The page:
One of the most common illnesses that Cleghorn describes as “an object lesson in male-dominated medicine’s historic failures” is the incurable, excruciatingly painful disease endometriosis. Affecting a vast one in ten women, endometriosis (endo) is the incurable growth of endometrial tissue onto other organs within the body. The tissue sticks together and causes heavy bleeding, back and pelvic pain, nausea, infertility and mental health issues. It takes on average eight years to diagnose and just one cell can regenerate anywhere in the body: in some people it spreads as far as the brain.

The author Hilary Mantel has spoken candidly about her personal experience of endometriosis in her memoir Giving Up the Ghost, as she ponders on the spirits of unborn children: a family that might have been, had she not become infertile. As a student at Sheffield, she was stuffed with anti-depressants that blurred her vision until she could not read and lulled her into inertia. “Minor tranquillisers” resulted in her imagining inflicting harm on others: arson and murder. “When I saw a carving knife I looked at it with a new interest.” When she was given Fentazine, she developed akathisia — a side effect of anti-psychotic medication; “the patient paces, she is unable to stay still. She wears a look of agitation and terror. She wrings her hands; she says she is in hell.” She describes pleading for help from her doctor: “you whisper that you are dying, you are damned, you are already being dipped into hell and you can feel the flames on your face.”

Though endometriosis was identified in the 1920s, it was not until the 1970s that black women were finally diagnosed with it, despite frequently suffering more severe bouts than their white counterparts. Racist bias was piled on top of gender bias and black women until this point were mostly misdiagnosed with pelvic inflammatory disease, a sexually transmitted bacterial infection, implying promiscuity. Cleghorn points out that the typical case study endometriosis patient is a “white, middle class, over-educated, socially and economically privileged young woman who resisted the biological imperative of having children.”. This was an image perpetuated by medics in the Forties blaming women for their “inactive womb”. Women are still, in the 21st century told that pregnancy is a cure for endometriosis, albeit a temporary one.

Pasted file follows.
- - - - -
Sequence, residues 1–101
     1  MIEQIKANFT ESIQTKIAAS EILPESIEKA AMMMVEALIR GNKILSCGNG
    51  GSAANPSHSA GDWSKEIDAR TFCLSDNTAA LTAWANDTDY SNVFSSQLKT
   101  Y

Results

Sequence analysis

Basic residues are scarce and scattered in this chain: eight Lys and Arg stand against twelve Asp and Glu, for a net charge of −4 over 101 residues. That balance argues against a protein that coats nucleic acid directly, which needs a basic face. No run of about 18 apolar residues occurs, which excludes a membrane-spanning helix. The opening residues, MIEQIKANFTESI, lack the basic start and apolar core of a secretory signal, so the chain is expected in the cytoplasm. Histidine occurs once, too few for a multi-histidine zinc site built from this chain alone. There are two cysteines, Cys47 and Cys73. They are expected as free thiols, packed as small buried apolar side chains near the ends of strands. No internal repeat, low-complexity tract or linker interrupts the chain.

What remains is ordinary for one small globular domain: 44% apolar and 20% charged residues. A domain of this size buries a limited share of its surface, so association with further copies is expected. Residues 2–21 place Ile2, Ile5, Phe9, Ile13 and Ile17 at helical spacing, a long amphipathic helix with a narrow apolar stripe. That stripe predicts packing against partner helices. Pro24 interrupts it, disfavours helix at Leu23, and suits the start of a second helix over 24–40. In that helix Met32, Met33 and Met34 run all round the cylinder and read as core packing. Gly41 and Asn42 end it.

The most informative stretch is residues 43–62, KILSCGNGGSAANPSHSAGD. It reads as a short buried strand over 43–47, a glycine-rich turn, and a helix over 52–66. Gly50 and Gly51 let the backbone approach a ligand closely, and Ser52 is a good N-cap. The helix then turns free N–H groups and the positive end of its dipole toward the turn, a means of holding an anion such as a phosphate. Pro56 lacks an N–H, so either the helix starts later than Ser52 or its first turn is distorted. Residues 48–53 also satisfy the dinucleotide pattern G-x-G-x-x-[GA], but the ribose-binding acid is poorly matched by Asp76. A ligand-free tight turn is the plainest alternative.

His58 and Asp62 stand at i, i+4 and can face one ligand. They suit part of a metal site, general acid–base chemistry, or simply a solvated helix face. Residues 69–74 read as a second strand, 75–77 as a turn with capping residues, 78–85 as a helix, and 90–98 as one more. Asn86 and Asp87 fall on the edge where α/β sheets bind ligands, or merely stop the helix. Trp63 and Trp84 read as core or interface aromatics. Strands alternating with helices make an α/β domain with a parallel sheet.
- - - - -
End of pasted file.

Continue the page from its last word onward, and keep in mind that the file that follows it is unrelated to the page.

The suggestion that the womb should be occupied in order to stop endometriosis is a thumping echo of the myth of the “wandering womb” that tormented women in early history. As Cleghorn points out, the man-made medical world was not listening to women in the fourth century BC and it is still not listening to women. “No unwell woman should be reduced to a file of notes, a set of clinical observations, a case study lurking in an archive.”

But it does feel like something is shifting. Partly it’s the advent of social media, where women can openly share their biological fears and complaints, it’s also the fact that the shame women have harboured about their bodies, and their reproductive capability, is receding.

Woman is still her biology, as Cleghorn puts it, but as she gains confidence to challenge those long held medical ideas about pain and symptoms and the inadequacy of her body, she will no longer have to be at the mercy of it.